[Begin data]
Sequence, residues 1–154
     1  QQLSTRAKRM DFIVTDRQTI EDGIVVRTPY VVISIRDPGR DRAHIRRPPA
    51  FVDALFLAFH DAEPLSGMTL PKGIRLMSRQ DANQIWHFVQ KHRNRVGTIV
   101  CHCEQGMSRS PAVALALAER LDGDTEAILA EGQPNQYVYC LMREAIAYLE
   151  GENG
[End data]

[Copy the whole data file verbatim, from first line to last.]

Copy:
Sequence, residues 1–154
     1  QQLSTRAKRM DFIVTDRQTI EDGIVVRTPY VVISIRDPGR DRAHIRRPPA
    51  FVDALFLAFH DAEPLSGMTL PKGIRLMSRQ DANQIWHFVQ KHRNRVGTIV
   101  CHCEQGMSRS PAVALALAER LDGDTEAILA EGQPNQYVYC LMREAIAYLE
   151  GENG